Half the children sent to foster care were no older than 5.
All the children, including any underage mothers, will be allowed to go back to their parents, though it's possible some children's attorneys or child-protection officials could pursue further action in individual cases.
It's not clear how many might return to the ranch right away. Many of the parents have purchased or rented homes in Amarillo, San Antonio and other places around the state.
Rod Parker, a spokesman for the FLDS church, said some of the attorneys have advised parents to stay away from the ranch for now, but most families want to return so the children can continue the education they were getting at the sect's schoolhouse before the raid.
Walther's order does not end a separate criminal investigation. Texas authorities last week collected DNA from jailed FLDS prophet Warren Jeffs as part of investigation into underage sex with girls, ages 12 to 15. He has been convicted in Utah as an accomplice to rape and is jail in Arizona awaiting trial on separate charges.
The FLDS is a breakaway sect of the Mormon church, which renounced polygamy more than a century ago.
Doctor Calls Kennedy Surgery a Success
After investigating his options with his trademark intensity, Sen. Edward M. Kennedy underwent 3½ hours of risky and exquisitely delicate surgery Monday to cut out as much of his cancerous brain tumor as possible. "I feel like a million bucks. I think I'll do that again tomorrow," the 76-year-old Massachusetts Democrat was quoted by a family spokeswoman as telling his wife immediately afterward.
Dr. Allan Friedman, who performed the surgery at Duke University Medical Center, pronounced the operation a success and said it "accomplished our goals." Up next: chemotherapy and radiation, aimed at shrinking whatever is left of the tumor.
"The main goal is to remove as much of the tumor as possible to give any other therapy that we do a better chance of working," said Dr. John Sampson, associate deputy director of Duke's brain tumor center.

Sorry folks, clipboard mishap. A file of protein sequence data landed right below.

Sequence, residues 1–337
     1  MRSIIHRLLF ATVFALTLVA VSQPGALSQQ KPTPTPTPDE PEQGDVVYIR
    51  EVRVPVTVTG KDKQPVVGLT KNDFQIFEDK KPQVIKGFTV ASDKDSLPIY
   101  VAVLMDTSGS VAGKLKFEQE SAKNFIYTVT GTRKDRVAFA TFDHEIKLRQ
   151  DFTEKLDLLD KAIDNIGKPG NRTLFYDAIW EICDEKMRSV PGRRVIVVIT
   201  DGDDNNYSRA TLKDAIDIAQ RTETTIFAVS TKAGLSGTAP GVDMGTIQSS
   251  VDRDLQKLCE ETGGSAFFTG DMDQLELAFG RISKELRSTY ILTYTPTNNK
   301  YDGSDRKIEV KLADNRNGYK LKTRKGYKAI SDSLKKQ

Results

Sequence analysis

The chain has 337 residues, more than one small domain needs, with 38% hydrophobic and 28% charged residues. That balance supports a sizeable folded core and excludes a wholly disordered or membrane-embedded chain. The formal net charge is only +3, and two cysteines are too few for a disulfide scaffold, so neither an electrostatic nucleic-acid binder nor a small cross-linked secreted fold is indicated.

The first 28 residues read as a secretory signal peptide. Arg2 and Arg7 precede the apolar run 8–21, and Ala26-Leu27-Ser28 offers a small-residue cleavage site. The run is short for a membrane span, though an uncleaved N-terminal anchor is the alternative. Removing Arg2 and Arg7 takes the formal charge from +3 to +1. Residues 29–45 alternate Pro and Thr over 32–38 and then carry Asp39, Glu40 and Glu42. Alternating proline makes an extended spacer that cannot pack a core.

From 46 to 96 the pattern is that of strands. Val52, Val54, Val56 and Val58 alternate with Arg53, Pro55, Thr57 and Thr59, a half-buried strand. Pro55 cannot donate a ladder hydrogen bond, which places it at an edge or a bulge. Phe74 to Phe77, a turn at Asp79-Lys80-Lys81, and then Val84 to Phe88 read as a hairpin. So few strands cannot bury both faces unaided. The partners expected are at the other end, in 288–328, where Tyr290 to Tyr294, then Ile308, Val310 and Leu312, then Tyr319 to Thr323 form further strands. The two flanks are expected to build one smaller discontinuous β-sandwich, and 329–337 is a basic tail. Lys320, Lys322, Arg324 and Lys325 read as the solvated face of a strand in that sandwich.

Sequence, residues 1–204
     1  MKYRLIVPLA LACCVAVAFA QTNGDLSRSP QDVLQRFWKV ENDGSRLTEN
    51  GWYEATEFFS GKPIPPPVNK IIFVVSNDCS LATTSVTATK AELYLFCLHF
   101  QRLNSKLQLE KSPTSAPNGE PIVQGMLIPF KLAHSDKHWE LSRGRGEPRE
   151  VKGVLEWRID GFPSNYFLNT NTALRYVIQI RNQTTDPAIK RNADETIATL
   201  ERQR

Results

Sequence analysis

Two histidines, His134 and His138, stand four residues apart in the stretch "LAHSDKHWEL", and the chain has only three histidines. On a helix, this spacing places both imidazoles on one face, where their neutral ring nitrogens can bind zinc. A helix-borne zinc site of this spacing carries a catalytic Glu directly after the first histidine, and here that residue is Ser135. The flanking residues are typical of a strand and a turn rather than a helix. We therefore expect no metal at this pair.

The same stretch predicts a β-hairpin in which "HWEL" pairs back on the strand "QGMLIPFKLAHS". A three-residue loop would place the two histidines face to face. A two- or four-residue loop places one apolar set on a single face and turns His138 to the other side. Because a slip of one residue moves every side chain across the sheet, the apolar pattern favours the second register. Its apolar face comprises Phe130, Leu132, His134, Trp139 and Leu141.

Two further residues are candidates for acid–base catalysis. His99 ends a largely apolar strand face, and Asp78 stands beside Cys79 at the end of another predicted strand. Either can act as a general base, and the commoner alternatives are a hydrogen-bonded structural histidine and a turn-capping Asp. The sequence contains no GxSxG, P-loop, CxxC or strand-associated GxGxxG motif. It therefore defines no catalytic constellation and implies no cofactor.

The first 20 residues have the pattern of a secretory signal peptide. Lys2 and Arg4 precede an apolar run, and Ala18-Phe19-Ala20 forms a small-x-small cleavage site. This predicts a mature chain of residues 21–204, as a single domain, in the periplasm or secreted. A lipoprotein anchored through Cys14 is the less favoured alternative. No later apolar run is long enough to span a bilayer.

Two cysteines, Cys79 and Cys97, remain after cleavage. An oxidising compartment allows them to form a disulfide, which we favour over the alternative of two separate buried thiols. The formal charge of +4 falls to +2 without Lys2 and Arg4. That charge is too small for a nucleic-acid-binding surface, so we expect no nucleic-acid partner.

The sole surviving son of America's most glamorous and tragic political family was diagnosed last month with a malignant glioma, an often lethal type of brain tumor discovered in about 9,000 Americans a year.
Details about Kennedy's exact type of tumor have not been disclosed, but some cancer specialists said it might be a glioblastoma multiforme — an especially deadly and tough-to-remove type — because other kinds are more common in younger people.
Cutting a tumor down to size — or "debulking" it — is extremely delicate because of the risk of harming healthy brain tissue that governs movement and speech. But Friedman, who is the top neurosurgeon at Duke and an internationally known tumor surgeon, said Kennedy should not experience any permanent neurological effects.
Doctors said Kennedy was awake for much of the surgery, which begins with opening the scalp and removing a piece of the skull to expose the brain. Sometimes, to avoid damaging areas that control speech, surgeons use a probe to stimulate parts of the brain, then hold a conversation with the patient.
In the following days, Kennedy will probably be given drugs to prevent brain swelling and seizures, which are possible complications of the surgery. The senator will also be closely watched for bleeding and blood clots, because strokes are also a risk, though they are uncommon. He is expected to return to Boston in about a week.